20.5, 95% CI, 1.82, 230.51), when compared with consumer-generated videos, but there was a very small
sample of professional videos (n=4), representing only 1.3% of total views.
Discussion
This cross-sectional study categorized information circulated by the 100 most popular ZIKV-related
YouTube videos in English, and their respective sources. Of the 100 videos, the four created by medical
professionals or government public health agencies captured only 1.3% of total views, while the 43
consumer-generated videos captured 22.4%. In total, these videos were viewed 8,894,505 times.
Compared with the consumer-generated videos, internet-based news videos (which captured over two-
thirds of total views) were more likely to mention ZIKV’s impact on babies, ZIKV cases in Latin America,
and Africa. In sharp contrast, television-based news videos, which captured 8.6% of total views, were
8
more likely to express anxiety or fear of catching ZIKV, to highlight that the public was afraid of ZIKV,
and to discuss avoiding pregnancy.
Social media poses both opportunities and challenges in the ZIKV response. Social media are popular
sources of health information related to pregnancy and children’s health.15, 16 The interactive nature of
social media and their high penetration in industrialized countries may allow for more effective
communication of health information than traditional media.17 In fact, social media interacts with
traditional media and amplifies its impact. Previous research found that Ebola-related videos released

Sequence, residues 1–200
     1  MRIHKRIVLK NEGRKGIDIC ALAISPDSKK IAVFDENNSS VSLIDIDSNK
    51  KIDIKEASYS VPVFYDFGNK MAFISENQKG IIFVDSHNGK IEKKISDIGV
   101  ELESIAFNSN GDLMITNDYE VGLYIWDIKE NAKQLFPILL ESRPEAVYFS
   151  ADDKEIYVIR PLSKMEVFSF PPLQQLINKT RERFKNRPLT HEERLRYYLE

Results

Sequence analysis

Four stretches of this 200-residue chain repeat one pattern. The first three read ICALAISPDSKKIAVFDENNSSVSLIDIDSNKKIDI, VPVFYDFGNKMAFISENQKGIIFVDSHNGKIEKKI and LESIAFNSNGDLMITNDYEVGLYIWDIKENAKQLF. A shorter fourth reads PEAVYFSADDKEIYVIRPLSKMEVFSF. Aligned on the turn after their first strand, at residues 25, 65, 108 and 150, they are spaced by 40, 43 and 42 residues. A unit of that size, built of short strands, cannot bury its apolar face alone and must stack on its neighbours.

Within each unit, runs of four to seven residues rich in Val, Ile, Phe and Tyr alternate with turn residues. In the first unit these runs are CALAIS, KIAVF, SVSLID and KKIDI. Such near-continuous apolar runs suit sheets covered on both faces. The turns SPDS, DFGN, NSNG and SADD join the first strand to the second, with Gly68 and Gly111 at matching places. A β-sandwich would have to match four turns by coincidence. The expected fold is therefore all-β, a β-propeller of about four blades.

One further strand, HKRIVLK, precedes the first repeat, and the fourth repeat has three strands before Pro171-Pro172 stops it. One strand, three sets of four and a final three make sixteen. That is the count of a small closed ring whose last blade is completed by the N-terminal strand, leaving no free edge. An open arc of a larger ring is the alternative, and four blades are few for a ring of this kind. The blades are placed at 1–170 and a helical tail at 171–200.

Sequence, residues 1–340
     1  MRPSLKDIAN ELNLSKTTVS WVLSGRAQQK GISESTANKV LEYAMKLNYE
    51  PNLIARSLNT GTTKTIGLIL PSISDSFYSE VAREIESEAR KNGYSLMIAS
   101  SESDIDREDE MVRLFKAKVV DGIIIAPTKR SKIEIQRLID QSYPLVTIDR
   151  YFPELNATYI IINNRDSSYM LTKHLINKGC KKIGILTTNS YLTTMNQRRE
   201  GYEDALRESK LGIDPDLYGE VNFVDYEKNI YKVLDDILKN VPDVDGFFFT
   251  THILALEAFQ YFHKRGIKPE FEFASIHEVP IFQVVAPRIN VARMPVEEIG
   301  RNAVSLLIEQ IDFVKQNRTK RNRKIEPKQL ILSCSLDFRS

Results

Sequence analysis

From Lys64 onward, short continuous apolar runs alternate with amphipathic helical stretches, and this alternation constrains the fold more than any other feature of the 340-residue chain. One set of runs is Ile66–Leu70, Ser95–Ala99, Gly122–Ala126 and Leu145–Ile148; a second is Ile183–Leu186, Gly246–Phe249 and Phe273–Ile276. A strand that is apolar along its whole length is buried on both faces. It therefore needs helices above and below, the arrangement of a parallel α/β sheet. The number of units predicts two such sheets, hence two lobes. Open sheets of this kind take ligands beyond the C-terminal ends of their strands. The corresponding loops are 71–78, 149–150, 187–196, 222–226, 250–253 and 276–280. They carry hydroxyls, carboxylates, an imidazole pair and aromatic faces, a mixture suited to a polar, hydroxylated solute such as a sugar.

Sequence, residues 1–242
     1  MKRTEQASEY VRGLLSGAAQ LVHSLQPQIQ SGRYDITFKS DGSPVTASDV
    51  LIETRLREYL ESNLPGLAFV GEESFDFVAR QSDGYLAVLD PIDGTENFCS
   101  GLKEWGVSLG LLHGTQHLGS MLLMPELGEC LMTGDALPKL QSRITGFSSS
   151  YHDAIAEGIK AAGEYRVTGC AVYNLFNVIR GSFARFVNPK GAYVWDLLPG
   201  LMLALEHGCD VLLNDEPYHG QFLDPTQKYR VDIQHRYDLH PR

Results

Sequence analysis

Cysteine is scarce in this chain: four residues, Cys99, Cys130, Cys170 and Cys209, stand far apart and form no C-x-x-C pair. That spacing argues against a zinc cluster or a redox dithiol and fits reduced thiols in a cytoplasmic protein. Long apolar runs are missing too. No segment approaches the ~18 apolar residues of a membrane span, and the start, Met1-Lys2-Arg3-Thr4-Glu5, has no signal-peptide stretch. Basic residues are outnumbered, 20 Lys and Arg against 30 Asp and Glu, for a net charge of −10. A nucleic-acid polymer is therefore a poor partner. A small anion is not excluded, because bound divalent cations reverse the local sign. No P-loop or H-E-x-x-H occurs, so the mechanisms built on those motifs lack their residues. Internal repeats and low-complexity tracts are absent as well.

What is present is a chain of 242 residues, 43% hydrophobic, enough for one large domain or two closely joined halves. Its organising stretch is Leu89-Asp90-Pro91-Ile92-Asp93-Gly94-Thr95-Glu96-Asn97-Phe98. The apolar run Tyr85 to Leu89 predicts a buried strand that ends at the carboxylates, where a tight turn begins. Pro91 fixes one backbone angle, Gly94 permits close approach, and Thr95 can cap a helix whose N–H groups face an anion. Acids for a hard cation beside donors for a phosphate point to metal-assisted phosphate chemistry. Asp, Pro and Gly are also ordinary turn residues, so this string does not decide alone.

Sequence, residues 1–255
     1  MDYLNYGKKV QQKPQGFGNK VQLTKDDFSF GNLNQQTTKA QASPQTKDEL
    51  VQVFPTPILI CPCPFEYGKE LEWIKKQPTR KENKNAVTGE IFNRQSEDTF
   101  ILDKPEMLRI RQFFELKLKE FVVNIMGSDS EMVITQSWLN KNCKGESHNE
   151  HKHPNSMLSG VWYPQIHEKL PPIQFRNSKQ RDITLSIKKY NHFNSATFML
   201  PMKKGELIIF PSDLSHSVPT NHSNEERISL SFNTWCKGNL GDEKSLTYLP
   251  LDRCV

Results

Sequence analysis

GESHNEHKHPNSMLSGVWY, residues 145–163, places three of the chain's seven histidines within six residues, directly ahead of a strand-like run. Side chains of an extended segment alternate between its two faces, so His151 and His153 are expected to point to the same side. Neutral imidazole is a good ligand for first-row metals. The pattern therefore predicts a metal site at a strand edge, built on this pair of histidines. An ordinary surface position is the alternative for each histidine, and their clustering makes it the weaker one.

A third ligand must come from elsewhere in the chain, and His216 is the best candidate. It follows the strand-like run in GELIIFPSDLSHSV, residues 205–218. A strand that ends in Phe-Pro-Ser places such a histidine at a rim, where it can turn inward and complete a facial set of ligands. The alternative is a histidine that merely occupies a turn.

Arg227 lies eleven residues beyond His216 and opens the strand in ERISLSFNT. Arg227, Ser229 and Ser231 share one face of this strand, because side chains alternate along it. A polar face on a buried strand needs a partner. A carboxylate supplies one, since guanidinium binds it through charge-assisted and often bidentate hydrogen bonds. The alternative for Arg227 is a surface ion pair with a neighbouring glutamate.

online by news channels drove up Ebola-related Twitter traffic.11 Both social media and traditional media
can become part of health communication strategies deployed by public health agencies to achieve greater
effects. However, social media also has the potential to amplify unnecessary anxiety during critical time
periods of infectious disease outbreaks.18 Emerging reports of fetal microcephaly, a potential indicator of
impaired fetal brain development, in ZIKV-infected pregnant women,2 may cause anxiety and may lead to
unnecessary abortions among pregnant women with potential exposure to ZIKV. Our findings indicate
that some of the most widely viewed YouTube videos mention anxiety and fear associated with catching
ZIKV and include discussions about avoiding pregnancy due to the potential risk of ZIKV infection
during pregnancy. While they may be legitimate television news reports, the extended coverage on this
uncertain risk and exaggerated anxiety may lead to adverse effects on public health, because witnessing
others’ fear may actually induce ones own anxiety and lead to misinformed pregnancy decisions,19 as